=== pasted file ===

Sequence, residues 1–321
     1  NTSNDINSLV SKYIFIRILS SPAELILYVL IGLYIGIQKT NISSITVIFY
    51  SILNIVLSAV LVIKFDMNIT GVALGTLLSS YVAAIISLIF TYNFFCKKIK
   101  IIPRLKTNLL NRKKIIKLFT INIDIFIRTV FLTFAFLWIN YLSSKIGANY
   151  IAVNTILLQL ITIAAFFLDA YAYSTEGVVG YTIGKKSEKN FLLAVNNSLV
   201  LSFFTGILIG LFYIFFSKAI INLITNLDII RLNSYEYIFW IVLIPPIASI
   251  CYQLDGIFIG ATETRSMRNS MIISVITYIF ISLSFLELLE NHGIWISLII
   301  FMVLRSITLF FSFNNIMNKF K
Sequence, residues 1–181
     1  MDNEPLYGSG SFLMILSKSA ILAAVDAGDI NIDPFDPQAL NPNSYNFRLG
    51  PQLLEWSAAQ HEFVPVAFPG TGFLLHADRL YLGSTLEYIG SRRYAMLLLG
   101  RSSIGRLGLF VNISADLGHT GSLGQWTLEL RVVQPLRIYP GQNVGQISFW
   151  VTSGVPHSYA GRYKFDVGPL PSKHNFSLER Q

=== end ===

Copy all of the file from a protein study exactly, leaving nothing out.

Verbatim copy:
Sequence, residues 1–321
     1  NTSNDINSLV SKYIFIRILS SPAELILYVL IGLYIGIQKT NISSITVIFY
    51  SILNIVLSAV LVIKFDMNIT GVALGTLLSS YVAAIISLIF TYNFFCKKIK
   101  IIPRLKTNLL NRKKIIKLFT INIDIFIRTV FLTFAFLWIN YLSSKIGANY
   151  IAVNTILLQL ITIAAFFLDA YAYSTEGVVG YTIGKKSEKN FLLAVNNSLV
   201  LSFFTGILIG LFYIFFSKAI INLITNLDII RLNSYEYIFW IVLIPPIASI
   251  CYQLDGIFIG ATETRSMRNS MIISVITYIF ISLSFLELLE NHGIWISLII
   301  FMVLRSITLF FSFNNIMNKF K
Sequence, residues 1–181
     1  MDNEPLYGSG SFLMILSKSA ILAAVDAGDI NIDPFDPQAL NPNSYNFRLG
    51  PQLLEWSAAQ HEFVPVAFPG TGFLLHADRL YLGSTLEYIG SRRYAMLLLG
   101  RSSIGRLGLF VNISADLGHT GSLGQWTLEL RVVQPLRIYP GQNVGQISFW
   151  VTSGVPHSYA GRYKFDVGPL PSKHNFSLER Q